It was a big week in footy for many reasons - here's the biggest takeaways from the AFLW's first round of games for 2021.
QUOTE OF THE WEEK
"Where’s the desk?" Triumphant St Kilda Saints coach Peta Searle enters a Moorabbin press conference with a somewhat more spartan feel than last year due to the pressures of a pandemic.
THE BIG ISSUE
Covid-19 strikes back in 2021. After the season got off to a flyer with several grounds sold out, bone crunching tackles laid, breathtaking runs witnessed, goals kicked from outside fifty metres and one of the all-time great contests between St Kilda and the Western Bulldogs played, that pesky virus reared its awful head once more.
When Western Australia’s government announced that Perth and surrounds were to head into a snap lockdown for five days, the AFLW sides residing in the west were forced to act fast. In scenes reminiscent of The Great Escape, the already under siege Greater Western Sydney Giants spirited away from Perth only to find themselves facing a period of confinement in Adelaide. In a much needed fillip to a horror few months for the Giants, they were thankfully able to jump aboard another flight home to New South Wales shortly after.
After some time spent assessing the situation, the AFL arrived at a decision to carry on with all games not involving the unlucky quartet as per the draw. When and where the outlier games will be played is anyone’s guess for now.
In any other week it would be hard to go past (still!) reigning premiers the Adelaide Crows getting the band back together with Erin Phillips, Ebony Marinoff and Chelsea Randall combining to show the West Coast Eagles how footy is played, but premiership fancies North Melbourne-Tasmania Kangaroos’ utter destruction of Geelong at the Cats’ home ground clinches the title this week. Usual suspects Jas Garner, Emma Kearney, Ash Riddell and Jenna Bruton orchestrated a relentless performance with nary a passenger in sight. The result? The Kangaroos lead all comers with the highest percentage (788.9%) to start a season in AFL/AFLW history. Out they come to play indeed.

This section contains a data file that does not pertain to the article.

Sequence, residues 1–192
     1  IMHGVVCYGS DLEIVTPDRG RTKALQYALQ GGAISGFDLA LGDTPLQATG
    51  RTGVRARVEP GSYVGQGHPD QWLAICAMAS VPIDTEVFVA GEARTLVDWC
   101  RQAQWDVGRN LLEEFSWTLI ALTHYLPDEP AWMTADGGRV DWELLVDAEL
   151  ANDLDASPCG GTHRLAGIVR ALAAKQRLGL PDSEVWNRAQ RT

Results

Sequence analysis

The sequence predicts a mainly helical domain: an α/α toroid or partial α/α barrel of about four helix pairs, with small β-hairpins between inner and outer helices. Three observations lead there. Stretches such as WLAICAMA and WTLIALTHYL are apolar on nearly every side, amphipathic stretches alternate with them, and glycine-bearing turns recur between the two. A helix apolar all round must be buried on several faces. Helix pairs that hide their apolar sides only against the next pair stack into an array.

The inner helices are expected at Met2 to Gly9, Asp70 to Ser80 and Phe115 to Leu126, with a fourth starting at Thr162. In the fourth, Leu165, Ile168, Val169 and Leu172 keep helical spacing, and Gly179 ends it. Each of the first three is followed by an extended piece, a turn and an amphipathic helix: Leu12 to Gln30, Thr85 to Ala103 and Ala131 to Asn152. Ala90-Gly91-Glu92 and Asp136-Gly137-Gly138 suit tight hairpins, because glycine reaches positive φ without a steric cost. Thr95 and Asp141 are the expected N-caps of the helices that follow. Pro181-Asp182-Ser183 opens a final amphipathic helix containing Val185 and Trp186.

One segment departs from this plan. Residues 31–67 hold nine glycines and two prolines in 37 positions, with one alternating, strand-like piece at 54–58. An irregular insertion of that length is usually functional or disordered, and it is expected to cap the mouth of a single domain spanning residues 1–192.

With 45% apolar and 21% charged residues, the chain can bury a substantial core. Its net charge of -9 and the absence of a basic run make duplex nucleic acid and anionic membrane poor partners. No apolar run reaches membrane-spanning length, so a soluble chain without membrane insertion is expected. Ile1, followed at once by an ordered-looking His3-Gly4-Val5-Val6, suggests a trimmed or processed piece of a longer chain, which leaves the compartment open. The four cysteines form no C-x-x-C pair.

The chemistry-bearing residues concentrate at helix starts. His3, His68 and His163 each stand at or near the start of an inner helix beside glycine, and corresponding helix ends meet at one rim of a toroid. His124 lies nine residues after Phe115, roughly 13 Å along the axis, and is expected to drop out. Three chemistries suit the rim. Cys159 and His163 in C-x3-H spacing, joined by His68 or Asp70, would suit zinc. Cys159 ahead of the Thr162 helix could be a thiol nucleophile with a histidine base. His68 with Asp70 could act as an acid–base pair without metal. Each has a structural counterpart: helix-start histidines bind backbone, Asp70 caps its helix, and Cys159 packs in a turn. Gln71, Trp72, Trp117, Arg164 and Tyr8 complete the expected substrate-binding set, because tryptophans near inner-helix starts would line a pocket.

What with the ever present risks posed by the pandemic, the blowtorch will be a little cooler on the hundreds of players and staff who entered the season with curbed expectations and an enthusiasm out of step with limited preseason preparation.
That said, a couple of the sides who spent much of 2020 holding up their respective ladders, West Coast and the Richmond Tigers seemed to have few answers for their opponents in Round 1. While there were signs of improvement, particularly at an individual level (including from some exciting draftees), both sides struggled to impart significant influence on how their games played out.
Richmond coach Ryan Ferguson is circumspect about where his side sits, outlining that star players like Monique Conti are simply required to battle through a hard tag due to a lack of cohesive team structure around stoppages at the present time, something he is confident will come soon, though only through experience.
The traditional Pride Match between the Carlton Blues and the Bulldogs returns to the Whitten Oval this year, bringing along the remaining twelve sides in what will now be a more inclusive Pride Round. Several clubs have embraced the occasion, with sides like the Brisbane Lions and Geelong unveiling vibrant new playing strips to be worn this weekend.
On the flip side of such positive news, the four clubs in limbo await the fallout of South Australia’s border restrictions and Western Australia’s lockdown and as such won't take part in a weekend of celebration. Here’s hoping Adelaide, Fremantle Dockers, West Coast and Greater Western Sydney are able to return to some sense of normality soon.